**Cheap Resources / *Other**
– [Preply](https://preply.com): site to find a language teacher; compared to italki, has more teachers on the cheaper side, starting at $2/hr. (Be sure to choose wisely, though!)
– *[Skritter](https://skritter.com): well-known app for learning Chinese characters, including writing them; not cheap in and of itself, but when you first sign up, it offers a generous 50% subscription discount, which makes it $15 for six months or $25/yr and is well-worth it.
– *[YoyoChinese](https://yoyochinese.com): So this is not cheap in terms of upfront pay, but it is one of the very few resources to offer a once-and-done pay option; regular price for lifetime access to Yoyo’s courses is $300, but if you buy it on sale ($200 or less) and you use it for at least a year and a half, you end up paying less than $10/month effectively. They have been running $150 deals on lifetime access for their 10-year anniversary this year (2022), so keep an eye out for that. (Plus it’s an excellent resource, even if on the more expensive side!)
– [Domino Chinese](https://www.dominochinese.com): I personally hesitate to recommend this course, since it does not focus on tones or pronunciation hardly at all which can throw off a complete beginner (it does offer a separate pronunciation course, but it is very surface level). Plus, it’s pretty disorganized in terms of what words you learn when and the quality of some of their videos. All that being said though, if you use coupon OLDSCHOOLCOOL when signing up for the DominoOpen course, you can get it for $5/month, which is very cheap all things considered. (If you have the money though, I would recommend saving up for YoyoChinese or Chinesefor.Us instead, both of which are more thorough and polished. And I *highly* recommend against paying $15/month for Domino!)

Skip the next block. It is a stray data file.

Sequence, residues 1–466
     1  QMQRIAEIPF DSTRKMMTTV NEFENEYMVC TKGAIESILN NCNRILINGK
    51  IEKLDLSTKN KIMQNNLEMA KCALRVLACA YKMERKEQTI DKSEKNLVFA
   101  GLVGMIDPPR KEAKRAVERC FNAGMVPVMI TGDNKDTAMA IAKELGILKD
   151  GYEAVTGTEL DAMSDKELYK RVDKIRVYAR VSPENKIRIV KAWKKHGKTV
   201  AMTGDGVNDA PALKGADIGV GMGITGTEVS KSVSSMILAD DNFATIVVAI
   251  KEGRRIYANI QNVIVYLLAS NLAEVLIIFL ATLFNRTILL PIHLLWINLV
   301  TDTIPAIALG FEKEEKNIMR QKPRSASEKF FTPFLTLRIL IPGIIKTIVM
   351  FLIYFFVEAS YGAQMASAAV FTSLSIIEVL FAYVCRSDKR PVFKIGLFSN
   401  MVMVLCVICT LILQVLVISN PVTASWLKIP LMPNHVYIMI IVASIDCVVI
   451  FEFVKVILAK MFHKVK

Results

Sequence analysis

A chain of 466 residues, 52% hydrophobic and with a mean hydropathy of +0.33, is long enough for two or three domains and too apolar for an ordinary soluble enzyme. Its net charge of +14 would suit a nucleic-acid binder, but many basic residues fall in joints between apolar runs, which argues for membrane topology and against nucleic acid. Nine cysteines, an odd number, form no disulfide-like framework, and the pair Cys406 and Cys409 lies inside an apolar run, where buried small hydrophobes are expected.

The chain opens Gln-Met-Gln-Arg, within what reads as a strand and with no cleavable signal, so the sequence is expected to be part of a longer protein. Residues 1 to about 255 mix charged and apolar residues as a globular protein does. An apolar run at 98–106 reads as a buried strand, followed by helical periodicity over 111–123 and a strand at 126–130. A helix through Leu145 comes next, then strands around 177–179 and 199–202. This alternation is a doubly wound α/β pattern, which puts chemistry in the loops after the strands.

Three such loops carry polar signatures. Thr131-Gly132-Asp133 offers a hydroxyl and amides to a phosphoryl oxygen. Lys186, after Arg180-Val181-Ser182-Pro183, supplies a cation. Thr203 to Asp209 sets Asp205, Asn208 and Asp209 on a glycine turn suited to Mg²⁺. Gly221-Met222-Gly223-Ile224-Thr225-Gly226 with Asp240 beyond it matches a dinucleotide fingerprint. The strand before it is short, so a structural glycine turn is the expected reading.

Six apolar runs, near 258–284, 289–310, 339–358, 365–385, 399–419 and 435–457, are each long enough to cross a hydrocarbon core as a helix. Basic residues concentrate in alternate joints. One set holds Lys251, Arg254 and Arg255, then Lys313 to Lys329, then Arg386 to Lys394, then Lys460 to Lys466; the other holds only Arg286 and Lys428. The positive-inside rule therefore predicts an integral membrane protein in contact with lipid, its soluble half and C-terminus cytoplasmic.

– LTL Language School: currently offering 3 hours of free online Flexi Classes; see [this link](https://flexiclasses.com/3-free-hours) for details
– *Chinese printing guide from u/NSFL2001: a fellow redditor here has been creating guides on how to print Chinese characters; it’s not really a resource insofar as you won’t learn Chinese just by reading these, but they are interesting, so I wanted to mention them. First one [here](https://www.reddit.com/r/ChineseLanguage/comments/s1d78s/hi_i_am_starting_a_new_series_on_printing), most recently one [here](https://www.reddit.com/r/ChineseLanguage/comments/ua7x13/record_10_heres_one_with_big_difference_between).

Also, as just a general tip, even if you can afford to pay for certain resources, don’t forget to check review sites; they will often have a coupon code you can use to sign up for cheaper than advertised (usu. 10%-20% off)–I know GoEast Mandarin offers a few. Plus, many (not all) paid resources will offer you a discount when you first sign up for their free trial and/or right before the free trial ends, so keep that in mind as well.



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7 Comments

  1. wittywalrus1 May 7, 2022
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  6. lozztt May 7, 2022
  7. MXSMAO May 7, 2022